There are several options for user-friendly interfaces when it comes to configuring ODBC data sources on Mac OS X. However, a GUI still relies on an ODBC driver manager. The CData ODBC drivers are preconfigured for the iODBC driver manager, as are many other products like Filemaker Pro and Microsoft Excel for Mac. This makes the driver easy to use with these tools.
Another driver manager, unixODBC, is widely supported by scripting languages like Python and Ruby. For a guide to creating and testing DSNs with unixODBC, see the "Getting Started" section in the help documentation.
Installing a CData ODBC Driver registers the driver with the iODBC driver manager, so the only remaining step is to use the iODBC Administrator to supply the necessary connection properties in a DSN. The driver installation automatically creates a system DSN. System DSNs can be accessed by all users, while user DSNs can only be accessed by a single user. However, modifying a system DSN requires elevated permissions.
While it is recommended that you use the iODBC Administrator GUI to create ODBC data sources, you can also modify the configuration files of the iODBC driver manager. The iODBC driver manager uses the following files:
ODBC accomplishes DBMS independence by using an ODBC driver as a translation layer between the application and the DBMS. The application uses ODBC functions through an ODBC driver manager with which it is linked, and the driver passes the query to the DBMS. An ODBC driver can be thought of as analogous to a printer driver or other driver, providing a standard set of functions for the application to use, and implementing DBMS-specific functionality. An application that can use ODBC is referred to as "ODBC-compliant". Any ODBC-compliant application can access any DBMS for which a driver is installed. Drivers exist for all major DBMSs, many other data sources like address book systems and Microsoft Excel, and even for text or comma-separated values (CSV) files.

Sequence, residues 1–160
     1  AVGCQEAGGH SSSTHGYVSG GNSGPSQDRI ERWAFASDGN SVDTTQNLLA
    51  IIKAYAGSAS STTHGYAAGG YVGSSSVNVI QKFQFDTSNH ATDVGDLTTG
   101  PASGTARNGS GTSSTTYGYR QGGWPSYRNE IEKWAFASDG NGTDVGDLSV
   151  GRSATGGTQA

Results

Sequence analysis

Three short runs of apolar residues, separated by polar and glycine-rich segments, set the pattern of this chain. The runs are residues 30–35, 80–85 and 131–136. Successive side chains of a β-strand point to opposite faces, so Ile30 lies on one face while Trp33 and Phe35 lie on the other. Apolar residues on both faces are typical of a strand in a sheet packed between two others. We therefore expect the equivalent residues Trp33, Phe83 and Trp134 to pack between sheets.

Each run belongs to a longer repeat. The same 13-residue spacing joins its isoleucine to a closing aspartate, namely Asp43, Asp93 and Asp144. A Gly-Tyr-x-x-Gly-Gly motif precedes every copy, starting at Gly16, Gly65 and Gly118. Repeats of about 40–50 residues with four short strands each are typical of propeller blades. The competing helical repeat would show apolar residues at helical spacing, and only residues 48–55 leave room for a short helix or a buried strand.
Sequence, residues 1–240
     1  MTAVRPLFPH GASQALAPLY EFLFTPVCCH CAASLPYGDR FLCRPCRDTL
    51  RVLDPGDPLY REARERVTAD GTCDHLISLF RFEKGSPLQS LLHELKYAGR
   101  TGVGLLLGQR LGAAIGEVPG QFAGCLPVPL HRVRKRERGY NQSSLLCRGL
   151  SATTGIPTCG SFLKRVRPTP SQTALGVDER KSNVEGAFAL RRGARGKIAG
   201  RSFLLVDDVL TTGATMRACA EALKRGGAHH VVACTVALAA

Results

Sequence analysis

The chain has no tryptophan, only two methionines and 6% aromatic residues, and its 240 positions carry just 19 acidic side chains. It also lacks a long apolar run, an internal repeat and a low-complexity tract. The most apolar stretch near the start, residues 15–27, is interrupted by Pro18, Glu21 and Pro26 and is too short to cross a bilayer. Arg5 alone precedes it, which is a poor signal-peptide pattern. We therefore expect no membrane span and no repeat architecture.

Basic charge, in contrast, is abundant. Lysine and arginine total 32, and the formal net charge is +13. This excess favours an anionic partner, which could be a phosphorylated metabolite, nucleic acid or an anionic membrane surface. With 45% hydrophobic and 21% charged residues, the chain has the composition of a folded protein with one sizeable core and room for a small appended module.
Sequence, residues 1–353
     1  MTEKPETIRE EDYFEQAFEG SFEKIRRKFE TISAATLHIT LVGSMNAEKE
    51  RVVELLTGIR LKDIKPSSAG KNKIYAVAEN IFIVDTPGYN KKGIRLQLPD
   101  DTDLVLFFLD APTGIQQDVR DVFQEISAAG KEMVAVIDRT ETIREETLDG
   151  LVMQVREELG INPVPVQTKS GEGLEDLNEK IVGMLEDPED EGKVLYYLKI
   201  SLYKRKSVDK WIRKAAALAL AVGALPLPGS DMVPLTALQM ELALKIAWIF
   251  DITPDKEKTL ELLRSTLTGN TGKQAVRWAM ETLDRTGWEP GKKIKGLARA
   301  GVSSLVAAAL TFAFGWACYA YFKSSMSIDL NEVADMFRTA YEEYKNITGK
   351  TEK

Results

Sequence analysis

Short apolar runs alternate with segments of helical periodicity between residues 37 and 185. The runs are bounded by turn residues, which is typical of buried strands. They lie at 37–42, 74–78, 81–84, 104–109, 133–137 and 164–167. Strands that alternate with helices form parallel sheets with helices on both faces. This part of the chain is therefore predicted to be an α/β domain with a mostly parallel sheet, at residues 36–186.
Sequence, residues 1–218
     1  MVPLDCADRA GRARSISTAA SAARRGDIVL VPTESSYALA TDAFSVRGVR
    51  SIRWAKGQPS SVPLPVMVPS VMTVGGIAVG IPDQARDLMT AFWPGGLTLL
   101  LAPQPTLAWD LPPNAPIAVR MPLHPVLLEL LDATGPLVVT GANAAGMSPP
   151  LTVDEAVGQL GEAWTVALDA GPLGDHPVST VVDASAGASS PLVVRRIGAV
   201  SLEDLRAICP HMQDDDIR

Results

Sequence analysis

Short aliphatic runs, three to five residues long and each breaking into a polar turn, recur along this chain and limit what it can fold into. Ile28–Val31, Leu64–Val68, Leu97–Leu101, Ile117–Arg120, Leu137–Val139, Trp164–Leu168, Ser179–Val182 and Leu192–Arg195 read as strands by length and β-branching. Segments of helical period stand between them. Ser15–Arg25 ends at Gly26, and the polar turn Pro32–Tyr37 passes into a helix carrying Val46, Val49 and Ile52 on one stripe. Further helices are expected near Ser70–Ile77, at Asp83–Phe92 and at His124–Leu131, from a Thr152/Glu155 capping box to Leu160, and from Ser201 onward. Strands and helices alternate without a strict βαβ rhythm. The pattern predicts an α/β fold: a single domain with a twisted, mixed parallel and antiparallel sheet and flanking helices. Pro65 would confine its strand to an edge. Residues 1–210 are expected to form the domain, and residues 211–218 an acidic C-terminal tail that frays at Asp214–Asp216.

MS continued working with the original SQLC standard, retaining many of the advanced features that were removed from the CLI version. These included features like scrollable cursors, and metadata information queries. The commands in the API were split into groups; the Core group was identical to the CLI, the Level 1 extensions were commands that would be easy to implement in drivers, while Level 2 commands contained the more advanced features like cursors. A proposed standard was released in December 1991, and industry input was gathered and worked into the system through 1992, resulting in yet another name change to ODBC.
During this time, Microsoft was in the midst of developing their Jet database system. Jet combined three primary subsystems; an ISAM-based database engine (also named Jet, confusingly), a C-based interface allowing applications to access that data, and a selection of driver dynamic-link libraries (DLL) that allowed the same C interface to redirect input and output to other ISAM-based databases, like Paradox and xBase. Jet allowed using one set of calls to access common microcomputer databases in a fashion similar to Blueprint, by then renamed DataLens. However, Jet did not use SQL; like DataLens, the interface was in C and consisted of data structures and function calls.